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Philly Parking Authority battles Council on audit

The political flare-up Thursday during City Council's last session before the summer break was overshadowed by the attention poured on the new beverage tax.

The political flare-up Thursday during City Council's last session before the summer break was overshadowed by the attention poured on the new beverage tax.

Council members David Oh and Helen Gym wanted a final vote on their resolution, calling for City Controller Alan Butkovitz to audit the Philadelphia Parking Authority for the first time since 2009.

But Councilman Bill Greenlee motioned for his colleagues to stall that vote at least until they return in September. A majority agreed with him.

Below the surface of the debate about the audit, which, like the new tax, is tied to funding for education, there is a nasty political fight being waged between Oh and the PPA.

Oh, a Republican, and Gym, a Democrat, want to know what happened with PPA money that had been expected to fund the Philadelphia School District.

The agency has repeatedly asked Council to increase the fees and fines it levies, promising bigger returns for school funding.

PPA Executive Director Vince Fenerty has clearly decided the best defense to Oh's attention is a stack of performance reports and the audits his agency commissions each year.

Council members received the first installment of that during a hearing last month and a thick binder stuffed with it last Tuesday. Fenerty delivered some of the paperwork himself.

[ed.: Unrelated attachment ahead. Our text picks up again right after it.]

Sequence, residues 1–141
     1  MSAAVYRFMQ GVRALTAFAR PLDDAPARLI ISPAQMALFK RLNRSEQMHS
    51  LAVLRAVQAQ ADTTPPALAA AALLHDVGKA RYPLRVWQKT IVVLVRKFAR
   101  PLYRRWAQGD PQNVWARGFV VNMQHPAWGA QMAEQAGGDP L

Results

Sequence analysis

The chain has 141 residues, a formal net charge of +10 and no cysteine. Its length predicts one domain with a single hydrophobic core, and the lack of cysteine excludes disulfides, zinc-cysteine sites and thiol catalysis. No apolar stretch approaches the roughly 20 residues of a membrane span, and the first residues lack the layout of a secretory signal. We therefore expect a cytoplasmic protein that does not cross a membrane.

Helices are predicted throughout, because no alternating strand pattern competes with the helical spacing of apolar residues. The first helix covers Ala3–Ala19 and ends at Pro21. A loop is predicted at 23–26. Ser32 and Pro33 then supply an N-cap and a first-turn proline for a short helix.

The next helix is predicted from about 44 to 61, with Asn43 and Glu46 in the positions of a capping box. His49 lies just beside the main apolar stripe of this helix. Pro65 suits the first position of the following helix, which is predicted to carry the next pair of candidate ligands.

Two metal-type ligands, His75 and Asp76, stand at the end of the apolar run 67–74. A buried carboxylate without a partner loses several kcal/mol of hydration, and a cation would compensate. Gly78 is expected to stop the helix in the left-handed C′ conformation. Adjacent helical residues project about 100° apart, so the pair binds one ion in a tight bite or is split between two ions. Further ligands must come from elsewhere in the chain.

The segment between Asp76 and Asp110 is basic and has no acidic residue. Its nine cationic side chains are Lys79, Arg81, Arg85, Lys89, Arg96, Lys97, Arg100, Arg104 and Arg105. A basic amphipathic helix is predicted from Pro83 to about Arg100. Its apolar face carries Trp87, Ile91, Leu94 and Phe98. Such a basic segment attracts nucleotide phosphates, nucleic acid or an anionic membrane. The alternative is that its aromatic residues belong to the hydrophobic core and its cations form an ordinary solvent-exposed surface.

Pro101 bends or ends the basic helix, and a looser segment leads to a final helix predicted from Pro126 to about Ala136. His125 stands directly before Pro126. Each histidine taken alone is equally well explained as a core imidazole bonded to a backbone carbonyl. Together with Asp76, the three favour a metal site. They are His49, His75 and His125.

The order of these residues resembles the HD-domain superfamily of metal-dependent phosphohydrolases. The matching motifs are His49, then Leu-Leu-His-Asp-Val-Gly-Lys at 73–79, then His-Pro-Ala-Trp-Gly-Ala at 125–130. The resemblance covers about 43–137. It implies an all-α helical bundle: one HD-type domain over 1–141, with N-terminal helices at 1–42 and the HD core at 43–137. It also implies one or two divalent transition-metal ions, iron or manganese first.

"I walked people through our finances," Fenerty said. "It's not because I fear an audit. It's because I want the members of Council to know we do a good job here."

Philadelphia is controlled by the Democratic Party, which staffs public agencies with some patronage hires. The Republican Party plays along and gets a nice slice of that pie.

The PPA, a state created entity, is the only public agency in the city where Republicans rule. There, the Democrats play along for their slice.

The establishment factions for both parties are known to have an understanding: Don't meddle in our patronage and we won't meddle in yours.

Oh was already unpopular with the local GOP establishment, including PPA Chairman Joe Ashdale, who backed another Republican in last year's Council elections.

The Philadelphia GOP didn't endorse any candidates in the Council primary election, leaving incumbents Oh and Denny O'Brien to fend for themselves. Oh won a second term while O'Brien lost.

Fenerty, a Republican ward leader, says Oh is still sore about it all.

"It's a shame Councilman Oh is misusing his office to carry out a personal vendetta," he said.

Oh says he is calling for an audit because he thinks the agency is "sloppy" with public money.

"People think the PPA is a very well-run organization," Oh said. "It's very aggressive. But it has so much money that it can afford to be poorly run."

Here, Oh hits a pair of sore spots. It's easy to hate PPA. Patronage jobs also inspire ire.

Oh says he suspects most Council members have people in patronage jobs at the PPA, which employs about 1,000 people. A new audit might shine some light on all that.

Councilman Al Taubenberger, a Republican and a PPA board member, acknowledges the agency's patronage but said it has nothing to hide.

"It is by history a political agency," Taubenberger said. "People put up recommendations. Not all of them are ever hired."

Oh and Gym plan to push the audit resolution again when Council returns to regular Thursday meetings on Sept. 8. That's 80 days from today.

It doesn't look like this political fight will be taking a break for summer.